The Developer’s Cry

Yet another blog by a hobbyist programmer

Rock solid frame rates with SDL2

For fast-paced action games you need to have a steady framerate. If the framerate is not steady, you are likely to see stutter. It’s a periodic wobble, jerky movement, as if a frame was skipped. It’s very annoying, and once you see it, you can’t unsee it. I ran into this problem and for a moment there, I just blamed SDL, heh! In forums online, I found more people complaining about stutter with SDL. The accepted answer on StackOverflow for this problem was wrong. Game dev forums did turn up some good tips. Finally, I was able to piece it together. Apparently this topic is not well understood by many—and the ones who do get it right don’t seem to get just what the problem is. It has indeed to do with frame rate, but it’s not skipping. Something else is up.

Loop the loop

Games run in a loop. You update some monsters, do the rendering, and cap the frame rate by delaying until it’s time to display the next frame. It’s likely to be programmed something like this:


float freq = SDL_GetPerformanceFrequency();

now = SDL_GetPerformanceCounter();
secs = (now - last_time) / freq;
SDL_Delay(FRAMERATE - secs * 1000);


NB. You might also use SDL_GetTicks(). SDL 2 offers new performance counter functions. These have much greater precision than SDL_GetTicks().

We’ve subtracted the time that the game was busy, so to complete a frame we need to wait the remaining time. This is exactly where the bug is, odd as it may seem. To prove it, try timing SDL_Delay() calls in a loop:

float freq = SDL_GetPerformanceFrequency();

t0 = SDL_GetPerformanceCounter();
t1 = SDL_GetPerformanceCounter();

printf("time slept: %.2f msecs", (t1 - t0) / freq * 1000.0f);


time slept: 31.51 msecs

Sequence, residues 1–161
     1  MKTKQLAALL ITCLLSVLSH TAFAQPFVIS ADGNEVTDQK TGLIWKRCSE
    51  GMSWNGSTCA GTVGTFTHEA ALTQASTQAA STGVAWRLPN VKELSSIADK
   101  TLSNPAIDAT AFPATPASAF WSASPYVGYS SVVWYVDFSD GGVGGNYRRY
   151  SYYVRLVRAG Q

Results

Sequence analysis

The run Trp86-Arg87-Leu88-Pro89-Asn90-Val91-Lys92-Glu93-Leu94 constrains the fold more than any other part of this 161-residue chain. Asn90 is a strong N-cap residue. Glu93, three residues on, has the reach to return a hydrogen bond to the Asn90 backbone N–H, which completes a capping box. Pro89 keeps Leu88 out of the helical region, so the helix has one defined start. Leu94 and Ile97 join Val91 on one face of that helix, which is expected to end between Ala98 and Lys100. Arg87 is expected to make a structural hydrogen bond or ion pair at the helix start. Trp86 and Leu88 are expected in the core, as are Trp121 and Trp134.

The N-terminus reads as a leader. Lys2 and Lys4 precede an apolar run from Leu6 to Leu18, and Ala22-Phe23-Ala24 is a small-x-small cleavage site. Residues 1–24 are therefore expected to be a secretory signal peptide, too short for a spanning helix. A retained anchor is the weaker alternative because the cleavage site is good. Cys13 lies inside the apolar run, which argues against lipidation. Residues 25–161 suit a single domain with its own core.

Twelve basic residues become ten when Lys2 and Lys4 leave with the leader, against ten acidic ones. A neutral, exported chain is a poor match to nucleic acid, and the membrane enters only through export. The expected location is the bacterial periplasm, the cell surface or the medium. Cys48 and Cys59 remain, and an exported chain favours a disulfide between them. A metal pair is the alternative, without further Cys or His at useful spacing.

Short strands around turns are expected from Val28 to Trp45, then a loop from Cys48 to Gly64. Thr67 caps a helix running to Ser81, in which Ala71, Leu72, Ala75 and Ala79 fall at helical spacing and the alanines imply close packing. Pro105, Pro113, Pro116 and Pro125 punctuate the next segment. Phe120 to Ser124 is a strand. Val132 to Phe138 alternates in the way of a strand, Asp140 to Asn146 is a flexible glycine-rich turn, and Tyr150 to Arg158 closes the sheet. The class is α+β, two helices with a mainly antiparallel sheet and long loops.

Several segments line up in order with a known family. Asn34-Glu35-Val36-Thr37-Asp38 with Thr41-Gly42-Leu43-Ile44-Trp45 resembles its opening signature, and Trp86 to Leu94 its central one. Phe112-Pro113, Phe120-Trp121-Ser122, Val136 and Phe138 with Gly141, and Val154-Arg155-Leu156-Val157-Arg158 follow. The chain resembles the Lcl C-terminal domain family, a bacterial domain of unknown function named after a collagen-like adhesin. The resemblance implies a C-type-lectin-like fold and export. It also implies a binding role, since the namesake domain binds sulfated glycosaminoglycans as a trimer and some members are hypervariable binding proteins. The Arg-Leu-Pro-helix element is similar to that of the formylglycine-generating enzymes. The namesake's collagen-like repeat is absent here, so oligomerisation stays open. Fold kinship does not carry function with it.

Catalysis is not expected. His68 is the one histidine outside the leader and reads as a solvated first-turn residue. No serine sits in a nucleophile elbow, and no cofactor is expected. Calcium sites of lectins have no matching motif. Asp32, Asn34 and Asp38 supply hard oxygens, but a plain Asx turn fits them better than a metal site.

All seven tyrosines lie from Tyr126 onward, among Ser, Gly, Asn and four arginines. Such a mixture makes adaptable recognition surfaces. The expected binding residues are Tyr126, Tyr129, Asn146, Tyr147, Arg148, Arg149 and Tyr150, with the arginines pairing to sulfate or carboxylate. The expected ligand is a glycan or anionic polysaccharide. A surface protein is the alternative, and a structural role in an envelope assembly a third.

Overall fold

time slept: 31.31 msecs
time slept: 34.06 msecs
time slept: 32.15 msecs
time slept: 34.54 msecs
time slept: 33.07 msecs

But we asked to sleep only 30 milliseconds! How can this be?

The problem is not so much with SDL as with the operating system. This can be proved by replacing SDL_Delay() with usleep(), and the problem persists. Even if you try the insanely precise nanosleep() call, the problem persists. Sleeping is inaccurate—despite the fact that modern computers are very capable of doing high precision timing.

Some try fixing this by sleeping a little less, and then doing a busy loop to get as close to the sleep time as possible. This almost works, but it it isn’t perfect and you will still see stutter. The non-deterministic nature of a multitasking operating system gets in our way.

Thou shall wait

So, the system is incapable of sleeping an exact amount of time. How about not sleeping at all.
The trick of sleeping until the next frame is probably a spin-off of the waiting for vsync trick. But sleeping isn’t the same thing, and it doesn’t work because it doesn’t necessarily bring you in sync with anything. So instead of sleeping, we are going to wait for vsync.

sdl_window = SDL_CreateWindow(title, x, y, w, h, SDL_WINDOW_OPENGL);
gl_context = SDL_GL_CreateContext(sdl_window);

This is for use with OpenGL. It will enable the swap interval (wait for vsync) before swapping the render buffers. You can remove any SDL_Delay() calls, because during the swap interval the program already sleeps. If you are using the SDL render functions, it’s done like this:

renderer = SDL_CreateRenderer(win, -1,

Now SDL_RenderPresent() will wait for vsync before presenting the buffer.

Moving on

That’s only half of the story. The problem of stutter is not solely caused by an inaccurate sleep timer. It stutters because movement is too rigid:

new_pos = old_pos + speed;

This sort of code always advances the position, no matter whether time advanced evenly or not. So in the case where time did not advance perfectly in line with the desired rate (which is impossible, as we saw earlier), this code will produce stutter.

To solve this problem, we must write code that can handle variable timings. It works just like in physics class:

float delta_time = (now - t0) * (float)freq;
new_pos = old_pos + speed * delta_time;

With SDL_GetPerformanceCounter() and SDL_GetPerformanceFrequency() you can calculate the time step for this frame in seconds. Note that delta_time holds a small value, so crank up the speed. If your game world is defined in meters, you can simulate things rather faithfully with speed in meters per second.

At last

Lo and behold, our frame rate is now rock steady and scrolling is super smooth. It’s locked down at 60 fps, with very low CPU usage, even on my five year old computer. Like with Columbus’ egg, it’s easy once you know how.

My advice for testing is to create a large checkerboard and scrolling that across the screen. If it stutters, you will see it. Also try disabling the vsync just for fun, and watch the fps counter go nuts.